“My child could have died had I not known solutions to overcome malnutrition”
It is to be known that in the year 2016, malnutrition had wreaked havoc in Sheopur district in Madhya Pradesh. Between September-October of the year, 116 children died due to malnutrition.
Tribal woman Sunita Adiwasi had no clue why her son was “not appearing as healthy as the other boys”. Symptoms like not willing to eat, not growing or putting on weight at the expected rate (faltering growth) changes in behaviour, being unusually irritable, slow or anxious, or low energy levels and tiring more easily than other children.
“What is malnutrition? I had no idea. Whenever my boy Arun cried, I would either pacify him with biscuits. His weight was less as per his age and was quickly prone to diarrhea and other diseases. Women in our village did not spend much time feeding our children right. Whatever was handy was the first option,” said Sunita.
Welthungerhilfe India (WHH) started working in Sheopur in 2018, where many children like Sunita’s were looming under the threat of malnutrition or worse, fear of losing lives. Working for Welthungerhilfe India’s partner in the region, Mahatma Gandhi Seva Ashram (MGSA), Nutrition Expert Shabnam Afgani noticed and surveyed many irregularities in the diet given to their children by Sahariya and Bhil tribes of India’s central-most state of MP.
A few observations like farmer mothers leaving behind their infants with a piece of roti or wheat bread to chew upon for hours till they are back from the field was one among other food habits practiced within the community.
It was the time of the survey when she along with her team identified Nayagaon village and its 70 malnourished children.
Eventually, with constant education on nutrition, water, sanitation and hygiene (WASH) , WHH + MGSA teams presented solutions to help reduce the symptoms of malnutrition. Two important solutions helped the community bring the number of malnourished children from 70 to 3. Behavioural as well as dietary changes helped the women in the village to understand the gravity of the situation.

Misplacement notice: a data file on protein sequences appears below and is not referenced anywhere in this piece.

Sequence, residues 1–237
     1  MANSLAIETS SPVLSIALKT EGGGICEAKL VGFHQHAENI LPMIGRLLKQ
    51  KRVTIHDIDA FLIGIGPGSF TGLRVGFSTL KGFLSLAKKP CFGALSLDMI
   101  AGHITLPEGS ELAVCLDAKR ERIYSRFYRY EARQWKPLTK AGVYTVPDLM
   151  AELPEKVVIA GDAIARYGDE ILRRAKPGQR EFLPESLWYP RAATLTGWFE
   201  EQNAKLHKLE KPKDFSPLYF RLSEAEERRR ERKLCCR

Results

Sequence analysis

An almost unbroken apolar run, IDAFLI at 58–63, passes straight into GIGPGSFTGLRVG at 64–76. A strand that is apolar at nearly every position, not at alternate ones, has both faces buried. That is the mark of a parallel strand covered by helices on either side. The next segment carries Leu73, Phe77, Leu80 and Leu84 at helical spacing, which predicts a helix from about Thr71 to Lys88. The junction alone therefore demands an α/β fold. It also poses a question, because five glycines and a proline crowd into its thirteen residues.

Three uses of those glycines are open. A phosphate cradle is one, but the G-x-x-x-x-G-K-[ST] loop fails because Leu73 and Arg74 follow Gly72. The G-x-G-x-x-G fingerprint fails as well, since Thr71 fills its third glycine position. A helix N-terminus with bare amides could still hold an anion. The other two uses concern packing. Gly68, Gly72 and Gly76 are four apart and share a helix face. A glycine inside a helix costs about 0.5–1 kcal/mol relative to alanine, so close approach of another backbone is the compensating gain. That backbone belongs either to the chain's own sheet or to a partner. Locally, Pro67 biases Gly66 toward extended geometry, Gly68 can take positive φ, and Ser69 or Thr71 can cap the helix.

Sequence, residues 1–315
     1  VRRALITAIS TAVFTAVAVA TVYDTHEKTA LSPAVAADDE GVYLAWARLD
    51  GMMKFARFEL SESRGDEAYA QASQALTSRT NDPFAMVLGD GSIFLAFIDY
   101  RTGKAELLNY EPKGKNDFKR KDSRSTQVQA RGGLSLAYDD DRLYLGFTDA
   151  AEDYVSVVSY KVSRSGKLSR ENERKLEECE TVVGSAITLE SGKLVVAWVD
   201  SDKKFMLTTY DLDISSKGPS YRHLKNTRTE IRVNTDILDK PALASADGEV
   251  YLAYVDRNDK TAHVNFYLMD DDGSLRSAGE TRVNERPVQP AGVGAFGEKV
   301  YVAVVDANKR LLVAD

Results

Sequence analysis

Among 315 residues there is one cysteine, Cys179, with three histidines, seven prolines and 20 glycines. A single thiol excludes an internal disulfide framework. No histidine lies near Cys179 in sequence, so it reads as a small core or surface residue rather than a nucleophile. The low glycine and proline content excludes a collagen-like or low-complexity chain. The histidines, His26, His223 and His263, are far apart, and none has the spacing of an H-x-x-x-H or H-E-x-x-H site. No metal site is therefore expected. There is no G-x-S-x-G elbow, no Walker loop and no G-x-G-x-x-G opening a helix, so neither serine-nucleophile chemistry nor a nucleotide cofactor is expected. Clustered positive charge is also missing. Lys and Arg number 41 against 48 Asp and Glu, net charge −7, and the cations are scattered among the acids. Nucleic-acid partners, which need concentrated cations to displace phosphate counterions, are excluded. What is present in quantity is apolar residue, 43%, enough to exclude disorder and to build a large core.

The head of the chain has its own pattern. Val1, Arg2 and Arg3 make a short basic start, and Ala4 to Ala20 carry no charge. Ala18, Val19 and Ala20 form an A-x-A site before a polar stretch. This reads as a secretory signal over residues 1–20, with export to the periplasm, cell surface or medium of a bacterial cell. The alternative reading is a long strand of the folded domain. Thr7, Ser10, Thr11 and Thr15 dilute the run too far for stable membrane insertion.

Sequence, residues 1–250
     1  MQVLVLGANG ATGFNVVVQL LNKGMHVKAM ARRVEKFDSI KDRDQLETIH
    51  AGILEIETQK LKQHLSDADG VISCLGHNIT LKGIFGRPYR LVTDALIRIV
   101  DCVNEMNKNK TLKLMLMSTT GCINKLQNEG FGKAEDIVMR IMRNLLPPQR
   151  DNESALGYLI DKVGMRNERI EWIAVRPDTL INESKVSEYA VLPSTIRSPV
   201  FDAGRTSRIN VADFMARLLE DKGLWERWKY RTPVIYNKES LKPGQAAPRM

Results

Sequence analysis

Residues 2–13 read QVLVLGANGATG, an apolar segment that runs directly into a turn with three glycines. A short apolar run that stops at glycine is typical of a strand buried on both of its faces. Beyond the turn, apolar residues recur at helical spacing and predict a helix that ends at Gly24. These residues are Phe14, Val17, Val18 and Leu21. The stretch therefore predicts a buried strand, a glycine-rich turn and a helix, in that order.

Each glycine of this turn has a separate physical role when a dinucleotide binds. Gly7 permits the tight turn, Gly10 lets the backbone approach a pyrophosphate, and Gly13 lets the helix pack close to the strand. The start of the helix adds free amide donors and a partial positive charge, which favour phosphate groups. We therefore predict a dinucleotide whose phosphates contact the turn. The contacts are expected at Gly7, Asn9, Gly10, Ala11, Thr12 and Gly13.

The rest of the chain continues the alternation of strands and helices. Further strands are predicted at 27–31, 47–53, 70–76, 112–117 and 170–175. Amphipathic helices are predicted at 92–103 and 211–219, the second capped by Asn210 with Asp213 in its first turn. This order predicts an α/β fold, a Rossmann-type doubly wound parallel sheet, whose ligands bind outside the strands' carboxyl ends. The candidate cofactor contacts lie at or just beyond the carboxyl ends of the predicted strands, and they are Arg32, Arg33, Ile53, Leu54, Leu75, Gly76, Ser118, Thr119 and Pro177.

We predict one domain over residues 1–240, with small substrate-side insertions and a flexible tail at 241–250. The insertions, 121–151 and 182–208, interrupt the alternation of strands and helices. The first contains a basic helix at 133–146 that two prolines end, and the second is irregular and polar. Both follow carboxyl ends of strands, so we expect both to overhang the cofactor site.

Behavioural changes like giving more importance to preparing healthy diet for the children. Emphasis on inlcuding vitamins and minerals in the diet were taught to the community members, specially women in the village. The teams repeatedly oriented the villagers for accepting hygiene and sanitary practices before feeding food to babies and participating in regular educative meetings which were once lacking within the tribal community.
Dietary changes such as preparing local NutriMix powder for babies, growing organic vegetables and fruits in one’s own backyard nutrition garden (even during summertime), must include calcium-rich elements like milk and eggs in the diet of the babies among other changes.
“Arun and other 66 children have come out of malnutrition in the last five years with efforts from the women in the village and MGSA+ WHH team. The symptoms like crying or irritability has gone away for good. I have started growing vegetables like spinach, raddish, tomato, brinjal and include it in our diet every day,” says Sunita.
Why malnutrition is common in far-off tribal areas?
Village Nayagaon’s location hidden amidst the summer-hit forest reserve is a matter of worry for its inhabitants. It is the month of May. When you see Nayagaon you see the rain-deficit trees, dried grasslands, arid dusty-brown landscape with sights of cattle and their prominent skinny ribcage indicating lack of fodder or grasslands in and around the area. Situated in India’s extreme drought-prone regions Bundelkhand, Nayagaon village faces a big-big water scarcity challenge.
When the summer season, temperatures soaring up to 47° C or 116.6° F, soaks most of the water, the tribal-dominated area has a dependent living on stocked-up wheat which they harvest every previous season. However, this is for the tribal farmers who own a considerably wider farmland. For families with lesser land, their life depends on daily wage work in the nearby or far-away towns – beginning of the migratory journey of families who move to cities in search of work at construction sites receiving daily wage of not more than Rs 500-700 (6.07 – 8.50 Euros) a day.
The one section that takes the most toll is the newborn, infant, and toddler. Shabnam says, “What we see as a general trend is that the cases of malnutrition come out more between the months of June to November of the year. It is because the population migrates mostly in the month of February since it is the time for harvesting. From June to July, the tribal population starts returning to their homes and when they come back, they bring their sick children, whose health they do not pay enough attention to during the migration due to which this period of four-five months Malnutrition takes hold in children.”